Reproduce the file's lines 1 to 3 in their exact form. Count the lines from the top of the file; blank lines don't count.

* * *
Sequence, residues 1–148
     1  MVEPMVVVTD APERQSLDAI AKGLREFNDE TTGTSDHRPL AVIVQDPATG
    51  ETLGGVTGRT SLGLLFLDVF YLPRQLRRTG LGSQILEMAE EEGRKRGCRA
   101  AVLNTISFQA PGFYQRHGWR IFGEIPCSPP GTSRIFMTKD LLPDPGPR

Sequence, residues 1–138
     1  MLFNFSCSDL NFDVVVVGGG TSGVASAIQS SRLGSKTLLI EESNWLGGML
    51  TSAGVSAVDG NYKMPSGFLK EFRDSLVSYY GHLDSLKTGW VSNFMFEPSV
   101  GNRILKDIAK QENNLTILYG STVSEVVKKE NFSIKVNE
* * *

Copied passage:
Sequence, residues 1–148
     1  MVEPMVVVTD APERQSLDAI AKGLREFNDE TTGTSDHRPL AVIVQDPATG
    51  ETLGGVTGRT SLGLLFLDVF YLPRQLRRTG LGSQILEMAE EEGRKRGCRA